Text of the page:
Van Sun – Truth & Reconciliation

Our school district cultural coordinator just shared this writing with me. Paul Kershaw of the Vancouver Sun wrote it and dated it November 17th of this year. I am uncertain as to whether or not it was published in the Vancouver Sun Newspaper.

“I encounter many non-aboriginal Canadians today who do not consider the Truth and Reconciliation Commission a priority. They claim the schools are part of our past, and doubt they have significance for the present.”

“By forcibly isolating children from the influence of their families and cultures . . .  residential schools did not just target students. They also targeted generations of aboriginal people who would never attend them – the children and grandchildren of school survivors: the very future of aboriginal communities.”

(Kershaw, 2011)

I found this to be a concise and well organized read. I intend to share this work with our Aboriginal Inquiry group in the new year.

I have attached the paper for your convenience should you wish to read and/or share with others.

New Deal for Families promotes truth and reconciliation    By Paul Kershaw,

Vancouver Sun – November 17, 2011


November 23, 2011   No Comments

Stolen Children: Truth & Reconciliation

Stolen Children: Truth & Reconciliation

Sponsored by CBC, Stolen Children: Truth & Reconciliation is rich collection of resources that help provide a historical account of residential schools and their lasting impact on Aboriginal people. It also documented the efforts of the The Truth & Reconciliation Commission (TRC), which was established by the Canadian government as an independent body to oversee the safe disclosure of individual experiences by former residential school students in a culturally respectful manner as part of the Residential Schools Settlement Agreement. Their mandate also includes helping reconcile the relationship between Aboriginal and Non-Aboriginal Canadians by raising awareness around the impact of the residential school sytem and its lasting effects that continue to affect people and communities today, although it’s a part of history that many Canadian’s continue to be fully aware of.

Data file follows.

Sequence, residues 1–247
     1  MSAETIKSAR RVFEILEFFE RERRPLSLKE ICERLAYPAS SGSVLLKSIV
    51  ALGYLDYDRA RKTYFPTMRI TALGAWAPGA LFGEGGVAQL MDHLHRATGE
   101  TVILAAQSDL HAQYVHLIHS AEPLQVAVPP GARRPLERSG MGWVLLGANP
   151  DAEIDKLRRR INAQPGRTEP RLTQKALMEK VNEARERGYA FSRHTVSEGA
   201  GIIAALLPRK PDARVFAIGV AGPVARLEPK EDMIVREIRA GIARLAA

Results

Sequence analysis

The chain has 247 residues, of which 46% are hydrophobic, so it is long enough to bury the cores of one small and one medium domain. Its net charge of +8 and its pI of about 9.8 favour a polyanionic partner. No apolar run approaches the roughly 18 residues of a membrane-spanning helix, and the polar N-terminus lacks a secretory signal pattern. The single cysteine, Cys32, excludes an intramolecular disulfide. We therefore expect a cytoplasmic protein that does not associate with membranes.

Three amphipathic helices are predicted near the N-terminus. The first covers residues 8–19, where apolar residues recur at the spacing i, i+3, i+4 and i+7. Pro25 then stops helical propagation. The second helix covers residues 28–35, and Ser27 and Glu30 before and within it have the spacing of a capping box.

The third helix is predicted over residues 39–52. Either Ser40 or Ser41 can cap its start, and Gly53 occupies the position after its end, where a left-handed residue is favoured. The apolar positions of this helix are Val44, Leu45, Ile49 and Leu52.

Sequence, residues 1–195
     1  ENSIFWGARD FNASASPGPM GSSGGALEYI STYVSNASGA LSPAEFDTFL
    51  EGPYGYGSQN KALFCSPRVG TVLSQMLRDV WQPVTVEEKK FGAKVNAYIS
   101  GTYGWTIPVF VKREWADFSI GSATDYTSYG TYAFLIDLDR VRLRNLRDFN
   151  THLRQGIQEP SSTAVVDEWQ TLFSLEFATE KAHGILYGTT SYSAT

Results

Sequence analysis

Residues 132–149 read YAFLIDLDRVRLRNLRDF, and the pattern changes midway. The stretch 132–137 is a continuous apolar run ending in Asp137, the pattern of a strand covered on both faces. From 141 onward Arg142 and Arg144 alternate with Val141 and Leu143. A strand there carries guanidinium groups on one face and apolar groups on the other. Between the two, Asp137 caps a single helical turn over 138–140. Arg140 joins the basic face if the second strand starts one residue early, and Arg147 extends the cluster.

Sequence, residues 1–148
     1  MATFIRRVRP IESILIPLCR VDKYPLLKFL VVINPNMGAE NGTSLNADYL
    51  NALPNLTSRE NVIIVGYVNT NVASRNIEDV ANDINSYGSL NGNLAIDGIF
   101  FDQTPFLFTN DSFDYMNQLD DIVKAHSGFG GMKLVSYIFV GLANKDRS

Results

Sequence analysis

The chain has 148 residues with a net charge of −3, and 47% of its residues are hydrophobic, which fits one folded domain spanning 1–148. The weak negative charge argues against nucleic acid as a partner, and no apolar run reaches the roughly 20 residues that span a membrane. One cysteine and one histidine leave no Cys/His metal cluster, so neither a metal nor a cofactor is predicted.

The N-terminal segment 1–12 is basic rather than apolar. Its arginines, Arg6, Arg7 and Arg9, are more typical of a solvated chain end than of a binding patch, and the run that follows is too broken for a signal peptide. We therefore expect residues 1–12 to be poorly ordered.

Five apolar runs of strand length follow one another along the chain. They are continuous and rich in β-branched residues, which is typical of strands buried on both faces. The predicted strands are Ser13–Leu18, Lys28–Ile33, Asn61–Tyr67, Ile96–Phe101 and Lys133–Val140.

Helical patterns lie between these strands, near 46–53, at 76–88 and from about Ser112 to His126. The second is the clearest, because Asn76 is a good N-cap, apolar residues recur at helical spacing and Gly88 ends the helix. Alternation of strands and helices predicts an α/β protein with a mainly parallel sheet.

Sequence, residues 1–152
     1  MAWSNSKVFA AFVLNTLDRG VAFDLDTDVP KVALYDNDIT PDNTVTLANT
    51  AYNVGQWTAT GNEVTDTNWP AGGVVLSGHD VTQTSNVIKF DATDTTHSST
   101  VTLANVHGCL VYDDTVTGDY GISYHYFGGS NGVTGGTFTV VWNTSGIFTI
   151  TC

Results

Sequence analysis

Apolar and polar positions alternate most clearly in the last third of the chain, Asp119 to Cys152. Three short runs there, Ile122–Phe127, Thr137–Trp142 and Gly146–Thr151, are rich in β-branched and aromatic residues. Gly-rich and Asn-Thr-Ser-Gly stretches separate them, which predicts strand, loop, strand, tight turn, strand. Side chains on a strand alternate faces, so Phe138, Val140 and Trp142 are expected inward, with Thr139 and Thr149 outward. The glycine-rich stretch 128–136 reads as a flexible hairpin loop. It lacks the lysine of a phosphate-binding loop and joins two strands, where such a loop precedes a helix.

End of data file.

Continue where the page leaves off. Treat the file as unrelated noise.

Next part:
The site includes current news coverage as well as CBC Digital Archive videos to help illustrate a timeline of Aboriginal education policies in Canada. The sharp contrast in early propaganda produced to encourage residential school attendance to the 2008 apology by the Canadian government provide an eye-opening view to begin processing a more comprehensive understanding of the need for social and restorative justice.

November 1, 2011   No Comments